Policy Papers

Policy papers connect research with policy through focusing on a specific piece of research and explaining its relevance for policy. The link to policy can range from pointing out conclusions and lessons for practice through to discussion of existing policies and practices and formulation of policy recommendations. In all cases the emphasis is on providing research evidence for criticising, endorsing or proposing a policy.


Multicultural London English and social and educational policies

  • The linguistic diversity of the UK presents a longstanding challenge for social equality and social mobility.
  • Only a small proportion of the population speaks or writes a variety that would be considered standard English grammar, yet standard English is needed in professional life and to succeed in education.
  • In schools, the National Curriculum requires students to be taught to use ‘standard English when the context and audience requires it’ (Department for Education 2014a); yet the available evidence indicates that this policy, intended to improve educational and social outcomes, has not been particularly successful.
  • Educational and institutional policies do not usually take account of the fact that social and regional accents are often perceived negatively and can cause discrimination, whether conscious or unconscious, in life-changing situations such as oral examinations, job interviews or legal contexts.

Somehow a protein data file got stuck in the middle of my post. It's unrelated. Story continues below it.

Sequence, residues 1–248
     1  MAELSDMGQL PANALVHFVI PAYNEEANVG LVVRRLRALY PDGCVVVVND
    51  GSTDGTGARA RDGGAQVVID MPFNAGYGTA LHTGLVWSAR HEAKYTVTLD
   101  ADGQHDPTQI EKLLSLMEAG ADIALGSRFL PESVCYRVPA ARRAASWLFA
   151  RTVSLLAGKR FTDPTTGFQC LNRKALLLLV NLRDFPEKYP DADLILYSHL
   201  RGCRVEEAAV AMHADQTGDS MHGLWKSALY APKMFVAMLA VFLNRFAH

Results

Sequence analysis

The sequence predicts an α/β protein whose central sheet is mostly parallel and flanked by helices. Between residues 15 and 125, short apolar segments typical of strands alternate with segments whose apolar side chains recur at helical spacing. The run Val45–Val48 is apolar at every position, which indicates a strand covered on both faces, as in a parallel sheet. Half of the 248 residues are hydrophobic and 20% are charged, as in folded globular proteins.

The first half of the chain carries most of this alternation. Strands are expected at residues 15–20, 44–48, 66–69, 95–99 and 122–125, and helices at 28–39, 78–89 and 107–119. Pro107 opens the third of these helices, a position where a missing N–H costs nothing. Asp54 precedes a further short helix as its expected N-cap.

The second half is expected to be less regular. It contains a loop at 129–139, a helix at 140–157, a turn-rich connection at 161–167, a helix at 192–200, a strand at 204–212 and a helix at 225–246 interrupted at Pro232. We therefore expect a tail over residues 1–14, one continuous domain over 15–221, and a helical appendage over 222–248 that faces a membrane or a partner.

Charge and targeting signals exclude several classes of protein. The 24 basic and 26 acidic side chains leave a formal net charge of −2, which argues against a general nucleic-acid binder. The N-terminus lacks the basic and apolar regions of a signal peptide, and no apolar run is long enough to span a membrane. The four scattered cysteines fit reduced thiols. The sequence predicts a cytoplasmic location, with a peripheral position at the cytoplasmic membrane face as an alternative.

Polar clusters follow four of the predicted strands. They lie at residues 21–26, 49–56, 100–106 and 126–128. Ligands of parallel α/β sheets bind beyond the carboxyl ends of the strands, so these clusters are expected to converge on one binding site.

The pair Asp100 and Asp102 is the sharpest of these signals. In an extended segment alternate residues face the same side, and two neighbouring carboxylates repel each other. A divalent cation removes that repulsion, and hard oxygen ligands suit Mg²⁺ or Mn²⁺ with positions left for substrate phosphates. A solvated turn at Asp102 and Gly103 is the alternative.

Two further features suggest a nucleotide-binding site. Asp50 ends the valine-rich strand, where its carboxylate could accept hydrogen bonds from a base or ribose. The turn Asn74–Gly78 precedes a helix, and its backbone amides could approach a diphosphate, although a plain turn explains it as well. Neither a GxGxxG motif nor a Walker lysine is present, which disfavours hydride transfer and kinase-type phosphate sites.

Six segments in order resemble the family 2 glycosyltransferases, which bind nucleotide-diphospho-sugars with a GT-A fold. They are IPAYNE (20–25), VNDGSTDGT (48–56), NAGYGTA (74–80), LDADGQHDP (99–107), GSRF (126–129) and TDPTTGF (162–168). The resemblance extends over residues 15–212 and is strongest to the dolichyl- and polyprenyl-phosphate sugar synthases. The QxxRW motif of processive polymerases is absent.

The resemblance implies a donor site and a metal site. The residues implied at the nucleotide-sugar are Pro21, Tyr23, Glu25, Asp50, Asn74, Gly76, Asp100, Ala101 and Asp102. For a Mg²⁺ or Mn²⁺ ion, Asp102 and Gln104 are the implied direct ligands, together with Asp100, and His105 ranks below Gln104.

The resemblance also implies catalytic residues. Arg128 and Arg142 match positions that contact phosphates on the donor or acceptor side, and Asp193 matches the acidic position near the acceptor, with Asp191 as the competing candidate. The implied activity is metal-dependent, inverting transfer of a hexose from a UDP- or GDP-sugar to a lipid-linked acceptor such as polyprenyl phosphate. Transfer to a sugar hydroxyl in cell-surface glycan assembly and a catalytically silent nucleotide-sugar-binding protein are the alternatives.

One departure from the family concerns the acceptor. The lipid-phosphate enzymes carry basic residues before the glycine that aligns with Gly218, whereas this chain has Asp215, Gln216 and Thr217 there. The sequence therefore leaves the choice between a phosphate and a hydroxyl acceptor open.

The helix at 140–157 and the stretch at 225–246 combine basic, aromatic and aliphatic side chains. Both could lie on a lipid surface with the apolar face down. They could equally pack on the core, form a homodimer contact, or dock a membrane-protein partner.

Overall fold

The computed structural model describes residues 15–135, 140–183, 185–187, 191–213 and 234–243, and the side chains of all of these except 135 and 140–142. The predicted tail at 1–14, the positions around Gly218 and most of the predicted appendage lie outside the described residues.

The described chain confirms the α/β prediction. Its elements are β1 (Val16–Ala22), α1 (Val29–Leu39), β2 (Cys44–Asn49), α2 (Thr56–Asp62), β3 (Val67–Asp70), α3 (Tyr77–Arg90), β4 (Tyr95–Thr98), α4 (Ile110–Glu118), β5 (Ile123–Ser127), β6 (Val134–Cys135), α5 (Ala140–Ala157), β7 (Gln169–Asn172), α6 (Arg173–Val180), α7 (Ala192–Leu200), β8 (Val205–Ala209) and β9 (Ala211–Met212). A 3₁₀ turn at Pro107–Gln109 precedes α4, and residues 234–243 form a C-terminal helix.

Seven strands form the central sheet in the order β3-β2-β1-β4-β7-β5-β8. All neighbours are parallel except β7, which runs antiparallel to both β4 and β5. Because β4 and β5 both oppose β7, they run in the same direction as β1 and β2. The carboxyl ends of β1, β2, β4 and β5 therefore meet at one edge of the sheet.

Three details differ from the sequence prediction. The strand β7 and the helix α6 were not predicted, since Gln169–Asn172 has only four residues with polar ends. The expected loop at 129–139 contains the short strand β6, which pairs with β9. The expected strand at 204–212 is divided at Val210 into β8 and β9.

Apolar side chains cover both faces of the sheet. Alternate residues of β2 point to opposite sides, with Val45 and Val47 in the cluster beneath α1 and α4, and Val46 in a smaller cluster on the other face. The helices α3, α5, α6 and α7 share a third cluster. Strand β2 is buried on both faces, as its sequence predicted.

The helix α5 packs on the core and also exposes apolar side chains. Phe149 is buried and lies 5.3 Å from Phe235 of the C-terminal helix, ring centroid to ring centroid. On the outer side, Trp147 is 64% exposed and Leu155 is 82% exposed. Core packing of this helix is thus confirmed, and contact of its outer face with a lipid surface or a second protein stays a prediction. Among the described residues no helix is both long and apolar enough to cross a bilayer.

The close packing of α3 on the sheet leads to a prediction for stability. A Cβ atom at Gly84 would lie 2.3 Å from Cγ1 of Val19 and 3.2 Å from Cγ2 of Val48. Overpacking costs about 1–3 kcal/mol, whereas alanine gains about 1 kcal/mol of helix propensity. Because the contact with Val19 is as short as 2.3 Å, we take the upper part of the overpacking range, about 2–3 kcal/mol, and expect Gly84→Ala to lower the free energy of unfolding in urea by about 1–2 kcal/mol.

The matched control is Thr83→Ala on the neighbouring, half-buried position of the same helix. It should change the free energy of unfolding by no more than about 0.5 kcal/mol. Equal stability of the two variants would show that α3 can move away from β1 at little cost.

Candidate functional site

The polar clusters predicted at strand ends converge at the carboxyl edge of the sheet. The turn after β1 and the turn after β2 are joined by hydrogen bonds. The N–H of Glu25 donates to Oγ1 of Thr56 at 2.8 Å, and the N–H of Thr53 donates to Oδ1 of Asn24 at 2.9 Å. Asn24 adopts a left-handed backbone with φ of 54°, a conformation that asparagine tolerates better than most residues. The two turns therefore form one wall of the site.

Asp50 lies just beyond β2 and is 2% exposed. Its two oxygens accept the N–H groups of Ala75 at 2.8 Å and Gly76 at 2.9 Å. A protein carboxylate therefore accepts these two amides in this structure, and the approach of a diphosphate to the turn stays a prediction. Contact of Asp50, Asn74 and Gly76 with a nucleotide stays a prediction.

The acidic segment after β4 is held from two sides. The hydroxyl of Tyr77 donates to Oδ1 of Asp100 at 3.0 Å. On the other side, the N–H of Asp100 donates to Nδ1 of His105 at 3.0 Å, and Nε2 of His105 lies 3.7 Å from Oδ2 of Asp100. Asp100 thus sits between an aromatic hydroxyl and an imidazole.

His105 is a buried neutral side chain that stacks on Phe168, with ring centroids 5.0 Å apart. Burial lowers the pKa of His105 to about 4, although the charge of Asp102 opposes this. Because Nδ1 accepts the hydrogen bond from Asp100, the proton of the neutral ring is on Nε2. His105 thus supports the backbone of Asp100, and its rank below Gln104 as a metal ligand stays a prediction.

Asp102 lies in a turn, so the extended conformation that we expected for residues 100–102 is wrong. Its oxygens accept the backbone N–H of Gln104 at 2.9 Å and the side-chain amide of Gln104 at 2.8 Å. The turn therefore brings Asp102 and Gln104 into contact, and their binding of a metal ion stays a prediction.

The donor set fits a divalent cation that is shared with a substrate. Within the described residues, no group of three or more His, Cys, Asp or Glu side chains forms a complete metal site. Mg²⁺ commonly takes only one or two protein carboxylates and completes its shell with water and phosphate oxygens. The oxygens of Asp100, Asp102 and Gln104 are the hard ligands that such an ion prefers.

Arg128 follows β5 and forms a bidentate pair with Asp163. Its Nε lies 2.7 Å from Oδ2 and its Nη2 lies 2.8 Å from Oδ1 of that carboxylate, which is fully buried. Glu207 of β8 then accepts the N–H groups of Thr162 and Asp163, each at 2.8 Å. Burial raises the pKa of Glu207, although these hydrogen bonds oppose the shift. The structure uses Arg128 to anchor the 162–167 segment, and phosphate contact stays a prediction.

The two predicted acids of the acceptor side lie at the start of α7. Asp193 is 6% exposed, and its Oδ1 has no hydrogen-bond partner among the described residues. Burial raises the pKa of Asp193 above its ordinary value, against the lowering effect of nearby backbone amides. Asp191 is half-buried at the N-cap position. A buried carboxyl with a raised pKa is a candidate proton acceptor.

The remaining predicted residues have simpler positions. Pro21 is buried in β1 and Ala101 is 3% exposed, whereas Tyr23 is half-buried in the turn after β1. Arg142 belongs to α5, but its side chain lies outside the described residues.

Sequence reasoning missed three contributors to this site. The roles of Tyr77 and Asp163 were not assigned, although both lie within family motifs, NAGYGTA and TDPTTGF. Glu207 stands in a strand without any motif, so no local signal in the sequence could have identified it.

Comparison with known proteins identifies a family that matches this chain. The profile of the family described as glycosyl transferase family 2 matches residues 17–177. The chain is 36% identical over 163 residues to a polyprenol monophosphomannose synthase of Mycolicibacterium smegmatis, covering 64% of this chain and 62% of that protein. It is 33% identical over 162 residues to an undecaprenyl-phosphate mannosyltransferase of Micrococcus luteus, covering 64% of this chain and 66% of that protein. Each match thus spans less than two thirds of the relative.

• The challenge has become even greater with the recent emergence of multiethnolects – new socially inclusive English dialects spoken in many multilingual urban centres – resulting from an increase in the amount and diversity of immigration.
  • We provide four concrete policy recommendations based on research into developing multiethnolects in the UK:

             1. Increase students’ exposure to standard English, while ensuring that they are not

                 discouraged from using non-standard English in appropriate contexts;

             2. Commission the production of descriptions of local non-standard varieties for teachers;

             3. Embed an understanding of non-standard varieties throughout the curriculum;

             4. Outside education, promote the inclusion of language in equality and diversity policy.

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